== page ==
Well there isn't really a useful parameter like a Reynolds number for the whole tunnel. It simply doesn't make sense since the whole point is to create a free stream that is "undisturbed" in which to test your model.

It's more common to quote a "unit Reynolds number" which is just ##\rho U/\mu## and has the units of m-1. Then when you have something like an airfoil, you would just use that quantity along with the chord length or momentum thickness or whatever length scale of interest you have to calculate whichever Reynolds number is most relevant to you.

Thanks! I'll give that a go!

Just as an example, the tunnel I work in has a typical unit Reynolds number of ##Re^{\prime} = 10 \times 10^6\;\mathrm{m}^{-1}## in most of our studies. We use a model that is about 400 mm long, so the length Reynolds number of the model is 400,000. It also makes calculating the x Reynolds number along the model trivial.

Mr.hev
that sounds bang on! so for calculating this out i take my unit reynolds number" and multiply it by my chord length is it? it sounds like you just made my calculations a lot easier! :O :) thanks a million!

ive just gotten around to giving this a go (had a busy weekend of work :O ) and I'm just a tad confused as to what U in the above formula is actually denoting, obviously density and viscosity are there but I'm not sure about the U if you get a chance can you fill me in? i know it's a silly question and I am sure i know what it is but I am just completely flummoxed at the moment!

The wind tunnel free-stream velocity.

Of course keep in mind that including a model can and will change that velocity to a varying degree depending on how much blockage your model represents.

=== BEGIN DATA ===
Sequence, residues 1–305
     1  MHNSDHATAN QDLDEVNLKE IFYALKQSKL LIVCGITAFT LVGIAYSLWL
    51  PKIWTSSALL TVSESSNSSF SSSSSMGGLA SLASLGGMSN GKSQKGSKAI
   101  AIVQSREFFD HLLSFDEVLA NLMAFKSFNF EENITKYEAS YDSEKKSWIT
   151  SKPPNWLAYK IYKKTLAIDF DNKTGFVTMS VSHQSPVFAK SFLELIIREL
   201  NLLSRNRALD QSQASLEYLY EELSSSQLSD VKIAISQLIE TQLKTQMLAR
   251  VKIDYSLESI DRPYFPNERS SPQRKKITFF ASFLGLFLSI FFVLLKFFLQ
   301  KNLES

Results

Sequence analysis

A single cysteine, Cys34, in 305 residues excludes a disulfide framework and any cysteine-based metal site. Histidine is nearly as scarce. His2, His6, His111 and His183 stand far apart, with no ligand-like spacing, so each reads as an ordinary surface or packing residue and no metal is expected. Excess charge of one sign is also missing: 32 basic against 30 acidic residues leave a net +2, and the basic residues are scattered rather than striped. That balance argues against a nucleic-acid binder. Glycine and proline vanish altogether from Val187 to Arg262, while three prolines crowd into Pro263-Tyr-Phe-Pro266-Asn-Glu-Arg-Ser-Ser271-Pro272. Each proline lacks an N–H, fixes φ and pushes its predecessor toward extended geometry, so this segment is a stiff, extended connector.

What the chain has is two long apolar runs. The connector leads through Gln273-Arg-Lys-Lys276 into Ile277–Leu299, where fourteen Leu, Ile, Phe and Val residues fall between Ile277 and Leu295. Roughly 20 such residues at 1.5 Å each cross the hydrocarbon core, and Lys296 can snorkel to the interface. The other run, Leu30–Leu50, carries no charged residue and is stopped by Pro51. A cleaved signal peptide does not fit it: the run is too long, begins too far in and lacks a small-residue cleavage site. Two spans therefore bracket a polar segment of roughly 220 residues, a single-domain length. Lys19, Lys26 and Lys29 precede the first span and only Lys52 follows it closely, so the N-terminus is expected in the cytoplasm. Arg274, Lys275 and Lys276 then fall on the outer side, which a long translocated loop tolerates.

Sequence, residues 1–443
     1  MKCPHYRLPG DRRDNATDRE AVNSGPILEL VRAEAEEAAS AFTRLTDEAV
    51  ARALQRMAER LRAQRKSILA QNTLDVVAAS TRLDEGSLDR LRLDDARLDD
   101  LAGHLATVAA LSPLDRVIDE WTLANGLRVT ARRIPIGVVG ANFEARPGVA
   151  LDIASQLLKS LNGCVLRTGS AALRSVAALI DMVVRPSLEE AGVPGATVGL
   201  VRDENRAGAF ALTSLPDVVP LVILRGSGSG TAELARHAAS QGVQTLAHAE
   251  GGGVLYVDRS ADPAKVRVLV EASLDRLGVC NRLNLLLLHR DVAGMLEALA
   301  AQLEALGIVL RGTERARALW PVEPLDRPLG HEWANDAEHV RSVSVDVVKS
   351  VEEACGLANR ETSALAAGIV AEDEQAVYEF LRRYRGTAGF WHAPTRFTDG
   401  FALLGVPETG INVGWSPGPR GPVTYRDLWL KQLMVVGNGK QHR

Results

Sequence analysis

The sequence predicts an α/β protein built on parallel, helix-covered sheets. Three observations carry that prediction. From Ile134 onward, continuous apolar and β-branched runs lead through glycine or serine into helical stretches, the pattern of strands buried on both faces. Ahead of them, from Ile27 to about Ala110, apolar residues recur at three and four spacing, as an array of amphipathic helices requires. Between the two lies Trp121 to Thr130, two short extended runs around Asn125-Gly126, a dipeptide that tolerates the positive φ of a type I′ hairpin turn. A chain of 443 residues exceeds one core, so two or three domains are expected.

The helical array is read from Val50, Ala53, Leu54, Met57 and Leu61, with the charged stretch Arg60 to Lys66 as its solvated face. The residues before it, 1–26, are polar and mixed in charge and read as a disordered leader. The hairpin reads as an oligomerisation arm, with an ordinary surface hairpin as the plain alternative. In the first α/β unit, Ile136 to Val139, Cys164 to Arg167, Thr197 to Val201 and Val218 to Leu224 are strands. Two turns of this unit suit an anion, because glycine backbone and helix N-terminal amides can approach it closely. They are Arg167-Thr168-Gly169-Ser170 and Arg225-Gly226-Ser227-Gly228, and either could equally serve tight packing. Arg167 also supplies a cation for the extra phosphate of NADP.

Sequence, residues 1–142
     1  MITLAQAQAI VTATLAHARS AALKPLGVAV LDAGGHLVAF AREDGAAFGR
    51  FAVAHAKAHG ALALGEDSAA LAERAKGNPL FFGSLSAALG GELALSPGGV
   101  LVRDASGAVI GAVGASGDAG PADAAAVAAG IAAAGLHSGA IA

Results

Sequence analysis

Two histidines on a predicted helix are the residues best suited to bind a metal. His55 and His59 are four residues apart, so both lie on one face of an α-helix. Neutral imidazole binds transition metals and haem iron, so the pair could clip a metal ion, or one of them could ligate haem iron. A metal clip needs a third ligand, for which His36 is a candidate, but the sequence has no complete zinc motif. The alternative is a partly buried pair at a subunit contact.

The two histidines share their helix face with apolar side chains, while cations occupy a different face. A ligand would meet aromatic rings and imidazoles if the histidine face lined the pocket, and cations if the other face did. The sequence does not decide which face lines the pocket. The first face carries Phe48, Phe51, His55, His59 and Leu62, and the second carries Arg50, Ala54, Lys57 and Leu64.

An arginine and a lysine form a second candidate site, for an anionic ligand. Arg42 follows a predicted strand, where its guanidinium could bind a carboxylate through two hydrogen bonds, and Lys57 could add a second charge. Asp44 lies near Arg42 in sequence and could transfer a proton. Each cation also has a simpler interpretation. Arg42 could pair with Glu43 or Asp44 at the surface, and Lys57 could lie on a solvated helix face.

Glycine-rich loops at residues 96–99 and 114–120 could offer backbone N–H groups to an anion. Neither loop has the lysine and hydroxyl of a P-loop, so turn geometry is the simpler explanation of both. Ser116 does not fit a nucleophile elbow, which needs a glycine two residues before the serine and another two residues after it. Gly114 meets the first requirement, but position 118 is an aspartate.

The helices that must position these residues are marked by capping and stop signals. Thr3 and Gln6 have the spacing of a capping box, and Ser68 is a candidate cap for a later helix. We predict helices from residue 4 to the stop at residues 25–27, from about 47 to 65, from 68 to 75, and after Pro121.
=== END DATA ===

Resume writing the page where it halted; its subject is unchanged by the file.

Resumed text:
Mr.hev

## 1. How is Reynolds number calculated for a wind tunnel?

The Reynolds number for a wind tunnel is calculated by dividing the product of the air density, air velocity, and characteristic length (such as the diameter of the tunnel) by the air viscosity. This is represented by the equation Re = (ρ * V * L) / μ.

## 2. Why is Reynolds number important in wind tunnel testing?

Reynolds number is important in wind tunnel testing because it helps determine if the flow of air in the tunnel will be laminar or turbulent. This information is crucial for accurately predicting the behavior of an object or aircraft in real-world conditions.

## 3. What is considered a high Reynolds number in wind tunnel testing?

A Reynolds number greater than 10,000 is typically considered high in wind tunnel testing. This indicates that the air flow in the tunnel will likely be turbulent and the results may not accurately reflect real-world conditions.

## 4. How does the Reynolds number affect the drag force on an object in a wind tunnel?

The Reynolds number has a direct impact on the drag force experienced by an object in a wind tunnel. At low Reynolds numbers, the drag force is primarily caused by viscosity, while at high Reynolds numbers, it is primarily caused by turbulent flow effects.

## 5. Can Reynolds number be used to compare wind tunnel results to real-world conditions?

Yes, Reynolds number can be used to compare wind tunnel results to real-world conditions as long as the Reynolds number in the wind tunnel matches the Reynolds number of the object in its intended operating conditions. This ensures that the flow characteristics in the tunnel are similar to those in real-world conditions.